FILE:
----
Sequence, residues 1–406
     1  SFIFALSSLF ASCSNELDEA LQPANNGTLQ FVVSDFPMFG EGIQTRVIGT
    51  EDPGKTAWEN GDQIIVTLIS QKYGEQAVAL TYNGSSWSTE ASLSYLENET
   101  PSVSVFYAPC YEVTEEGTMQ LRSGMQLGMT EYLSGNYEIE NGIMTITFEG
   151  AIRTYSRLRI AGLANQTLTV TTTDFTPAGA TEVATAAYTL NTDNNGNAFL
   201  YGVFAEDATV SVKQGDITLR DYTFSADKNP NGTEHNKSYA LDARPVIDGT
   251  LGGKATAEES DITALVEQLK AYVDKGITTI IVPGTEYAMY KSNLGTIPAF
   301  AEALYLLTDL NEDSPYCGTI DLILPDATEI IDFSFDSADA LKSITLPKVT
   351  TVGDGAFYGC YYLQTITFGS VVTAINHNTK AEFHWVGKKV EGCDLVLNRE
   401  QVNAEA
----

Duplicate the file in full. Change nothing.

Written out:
Sequence, residues 1–406
     1  SFIFALSSLF ASCSNELDEA LQPANNGTLQ FVVSDFPMFG EGIQTRVIGT
    51  EDPGKTAWEN GDQIIVTLIS QKYGEQAVAL TYNGSSWSTE ASLSYLENET
   101  PSVSVFYAPC YEVTEEGTMQ LRSGMQLGMT EYLSGNYEIE NGIMTITFEG
   151  AIRTYSRLRI AGLANQTLTV TTTDFTPAGA TEVATAAYTL NTDNNGNAFL
   201  YGVFAEDATV SVKQGDITLR DYTFSADKNP NGTEHNKSYA LDARPVIDGT
   251  LGGKATAEES DITALVEQLK AYVDKGITTI IVPGTEYAMY KSNLGTIPAF
   301  AEALYLLTDL NEDSPYCGTI DLILPDATEI IDFSFDSADA LKSITLPKVT
   351  TVGDGAFYGC YYLQTITFGS VVTAINHNTK AEFHWVGKKV EGCDLVLNRE
   401  QVNAEA